A ma­jor mile­stone

The Sal­va­tion Army Trin­ity Bay South cel­e­brates 120 years


A rush of traf­fic is seen along Main Road in Dildo on Sun­day morn­ing.

The park­ing lot of The Sal­va­tion Army Trin­ity Bay South citadel over­flows with traf­fic and ve­hi­cles need to pull off the road in search of a park­ing spot.

The large grey and white build­ing is bustling with ac­tiv­ity as all age groups hastily ma­neu­ver to­ward the main en­trance.

Most are mem­bers of the church who have not seen each other since the pre­vi­ous Sun­day. Some are new­com­ers check­ing out the corps for the first time.

Voices of the con­gre­ga­tion ra­di­ate through the long hall lead­ing to the sanc­tu­ary.

A con­tem­po­rary band fea­tur­ing gui­tars, a pi­ano and a drum set starts up while so­cial­iza­tion con­tin­ues.

The re­laxed at­mos­phere is ap­par­ent be­fore the ser­vice, but when it com­mences, voices hush, and wor­ship be­gins.

This is a typ­i­cal Sun­day at the citadel, says Ma­jor Chris Pil­grim, the church pas­tor.

There is a so­cial as­pect to the gath­er­ings, he says. Peo­ple at­tend both to wor­ship and to keep con­nected to the neigh­bours they have built re­la­tion­ships with dur­ing their time at the church.

Big an­niver­sary

The Army cel­e­brates each pass­ing year in May, al­ways dur­ing Vic­to­ria Day long week­end, but ev­ery five years they do a lit­tle more to mark big mile­stones and this year is no ex­cep­tion.

Af­ter 120 years with a lo­cal pres­ence, the Trin­ity Bay South Corps cel­e­brated with two days of events with the Je­sus.”

The first event was fam­ily fo­cus day.

“We in­vited chil­dren and fam­i­lies of the church to come and join us,” Ma­jor Chris said. “We have games and crafts and all sorts of ac­tiv­i­ties.”

Fam­i­lies take part in the church­in­flu­enced events con­nected to the week­end’s theme so they can con­nect so­cially and spir­i­tu­ally with each other.

A ban­quet is held for the con­gre­ga­tion in the evening, and this year the Dildo Lions Club hosted some 270 guests.

Among the spe­cial guests were two no­table at­ten­dees who are no

Satur­day’s stranger the Trin­ity Bay South Corps. Com­mis­sion­ers Max and Lenora Feener were of­fi­cers of the lo­cal chap­ter from 1970-72.

They have since moved up the ranks within the Army, and are cur­rently sta­tioned out of At­lanta, Ge­or­gia as ter­ri­tory lead­ers in the United States.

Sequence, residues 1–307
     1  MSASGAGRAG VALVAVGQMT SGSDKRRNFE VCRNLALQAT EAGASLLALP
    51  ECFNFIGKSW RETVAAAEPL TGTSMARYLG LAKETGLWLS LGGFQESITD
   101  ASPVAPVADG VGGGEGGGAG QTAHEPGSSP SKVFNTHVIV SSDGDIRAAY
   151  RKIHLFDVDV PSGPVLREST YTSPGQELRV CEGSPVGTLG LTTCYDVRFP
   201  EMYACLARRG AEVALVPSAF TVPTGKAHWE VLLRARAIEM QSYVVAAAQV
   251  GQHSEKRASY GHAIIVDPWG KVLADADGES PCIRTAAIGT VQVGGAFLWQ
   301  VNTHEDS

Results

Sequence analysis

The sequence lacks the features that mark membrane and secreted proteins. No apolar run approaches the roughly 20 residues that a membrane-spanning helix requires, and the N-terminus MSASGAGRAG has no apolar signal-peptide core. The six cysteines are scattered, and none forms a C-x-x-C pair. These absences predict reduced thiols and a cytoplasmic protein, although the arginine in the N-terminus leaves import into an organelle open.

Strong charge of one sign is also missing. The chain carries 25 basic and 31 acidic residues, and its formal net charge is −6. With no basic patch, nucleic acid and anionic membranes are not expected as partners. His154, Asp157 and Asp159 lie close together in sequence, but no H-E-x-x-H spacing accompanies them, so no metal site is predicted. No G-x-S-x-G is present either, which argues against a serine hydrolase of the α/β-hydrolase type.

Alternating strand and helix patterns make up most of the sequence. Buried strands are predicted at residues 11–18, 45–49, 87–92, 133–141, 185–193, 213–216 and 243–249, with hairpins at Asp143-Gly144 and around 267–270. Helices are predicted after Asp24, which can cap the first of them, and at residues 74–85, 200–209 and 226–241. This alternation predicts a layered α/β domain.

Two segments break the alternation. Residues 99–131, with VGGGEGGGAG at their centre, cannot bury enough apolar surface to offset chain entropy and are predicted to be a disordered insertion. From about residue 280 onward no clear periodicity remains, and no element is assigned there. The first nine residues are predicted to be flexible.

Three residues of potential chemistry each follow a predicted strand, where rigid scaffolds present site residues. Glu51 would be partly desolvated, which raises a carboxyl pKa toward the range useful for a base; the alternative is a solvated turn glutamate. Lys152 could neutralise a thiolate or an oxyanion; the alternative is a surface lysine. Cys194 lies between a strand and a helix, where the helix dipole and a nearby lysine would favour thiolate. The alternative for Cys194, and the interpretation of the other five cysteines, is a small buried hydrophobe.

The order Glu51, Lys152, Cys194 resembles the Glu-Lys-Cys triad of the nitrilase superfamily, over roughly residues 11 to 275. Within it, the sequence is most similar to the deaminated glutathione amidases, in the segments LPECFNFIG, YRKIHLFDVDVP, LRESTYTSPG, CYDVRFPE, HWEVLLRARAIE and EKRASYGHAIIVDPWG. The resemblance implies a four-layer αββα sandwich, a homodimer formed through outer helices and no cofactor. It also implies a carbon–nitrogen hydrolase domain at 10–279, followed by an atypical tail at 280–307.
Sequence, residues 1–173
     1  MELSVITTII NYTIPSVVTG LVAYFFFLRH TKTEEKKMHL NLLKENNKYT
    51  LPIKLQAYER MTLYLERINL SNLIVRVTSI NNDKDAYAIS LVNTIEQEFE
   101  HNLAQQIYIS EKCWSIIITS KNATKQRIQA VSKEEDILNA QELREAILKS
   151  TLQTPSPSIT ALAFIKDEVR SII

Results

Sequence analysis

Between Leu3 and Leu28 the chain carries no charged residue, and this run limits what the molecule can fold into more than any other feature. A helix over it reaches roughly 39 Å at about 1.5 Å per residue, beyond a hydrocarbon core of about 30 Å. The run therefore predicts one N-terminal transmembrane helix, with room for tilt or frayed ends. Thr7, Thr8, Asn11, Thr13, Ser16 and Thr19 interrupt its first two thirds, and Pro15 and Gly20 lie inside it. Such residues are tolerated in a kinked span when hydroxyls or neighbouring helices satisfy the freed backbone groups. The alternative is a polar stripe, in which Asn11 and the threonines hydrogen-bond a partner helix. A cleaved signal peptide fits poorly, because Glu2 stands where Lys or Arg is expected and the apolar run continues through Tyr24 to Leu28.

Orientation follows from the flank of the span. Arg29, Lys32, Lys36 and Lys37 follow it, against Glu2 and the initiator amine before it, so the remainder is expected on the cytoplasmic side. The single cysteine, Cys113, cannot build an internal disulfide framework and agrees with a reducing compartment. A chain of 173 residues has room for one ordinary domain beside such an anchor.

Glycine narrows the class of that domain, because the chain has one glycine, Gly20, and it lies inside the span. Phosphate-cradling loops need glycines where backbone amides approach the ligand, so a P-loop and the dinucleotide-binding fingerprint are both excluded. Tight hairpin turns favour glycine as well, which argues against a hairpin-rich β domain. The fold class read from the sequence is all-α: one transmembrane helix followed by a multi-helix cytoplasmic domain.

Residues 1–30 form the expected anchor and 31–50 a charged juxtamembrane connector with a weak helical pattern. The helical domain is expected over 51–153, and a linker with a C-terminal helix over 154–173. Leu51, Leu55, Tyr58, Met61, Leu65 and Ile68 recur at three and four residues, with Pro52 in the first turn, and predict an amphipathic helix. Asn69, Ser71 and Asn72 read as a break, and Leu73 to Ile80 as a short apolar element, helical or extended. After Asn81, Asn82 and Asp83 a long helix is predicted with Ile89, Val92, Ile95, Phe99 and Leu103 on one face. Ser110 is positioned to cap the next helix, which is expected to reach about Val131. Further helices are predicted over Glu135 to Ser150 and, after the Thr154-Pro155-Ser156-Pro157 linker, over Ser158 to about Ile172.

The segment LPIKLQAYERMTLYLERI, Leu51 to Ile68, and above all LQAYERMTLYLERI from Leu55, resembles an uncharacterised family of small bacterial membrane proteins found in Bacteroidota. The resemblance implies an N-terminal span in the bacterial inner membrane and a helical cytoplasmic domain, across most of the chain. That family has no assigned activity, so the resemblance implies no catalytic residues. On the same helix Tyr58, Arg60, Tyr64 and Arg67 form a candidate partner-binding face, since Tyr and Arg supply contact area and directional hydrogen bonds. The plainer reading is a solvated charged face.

Other guests in­cluded Army of­fi­cers from across the Avalon and divi­sional lead­ers Ma­jors Frank and Rita Pittman from head­quar­ters in St. John’s.

Church still thriv­ing

In a time where many churches in out­port New­found­land are clos­ing, The Sal­va­tion Army Trin­ity Bay South Corps is still go­ing strong. Suc­cess did not come easy, and many smaller churches closed their doors to in­te­grate, said By­ron Brooks, band­mas­ter for the church’s brass band and 40-year mem­ber of the church.

“We’re liv­ing in a dif­fer­ent age for sure,” Ma­jor Chris added. “It works well, the pulling to­gether of all of those churches over the years have proven to be a happy mar­riage for the most part.”

Times have changed since the church’s in­cep­tion, and the lo­ca­tion is not as im­por­tant as it once was, since trav­el­ling a dis­tance is no longer an is­sue for most.

“For each lit­tle town to have a church, they’d never main­tain it,” Brooks ex­plained. “Es­pe­cially now since ev­ery­one has a car.”

Some is­sues still face the ag­ing pop­u­la­tion of the citadel, in­clud­ing the fear of bring­ing chil­dren to the church and the com­pe­ti­tion with other ac­tiv­i­ties.

“I have heard young cou­ples won’t bring their chil­dren to church be­cause they’re afraid they are go­ing to run around and make noise,” Ma­jor Chris noted. “My re­sponse to that is ‘ Who cares? Bring them any­way.’ They might be get­ting a tid­bit of some­thing that will help nur­ture them into ma­ture chil­dren who have some dis­ci­pline or morals to act upon.”

He says chil­dren are not ex­pected to sit down and keep quiet in his church, and all young fam­i­lies and young peo­ple are wel­come.

“Years ago, there wasn’t a lot to do on a Sun­day morn­ing but to go to church. Look at all we are com­pet­ing against; recre­ation such as hockey and so­cial me­dia, and try and com­pare to it. It’s a tough bat­tle.”

Shar­ing the faith

Ma­jor Chris takes great pride in see­ing com­mu­nity res­i­dents de­velop through his church ser­mons.

“We’ve seen a num­ber of peo­ple come into the church since our fouryear stay so far, and we’ve seen quite a life­style change in them,” he stated. “We want to get the mes­sage of the Bi­ble out there, the gospel out there. The rea­son we ex­ist is to make a trans­form­ing in­flu­ence in the lives of peo­ple.”

“For my wife and I it’s not just an ap­point­ment to the church, but to the com­mu­nity, and we like be­ing part of the com­mu­nity as a whole.”

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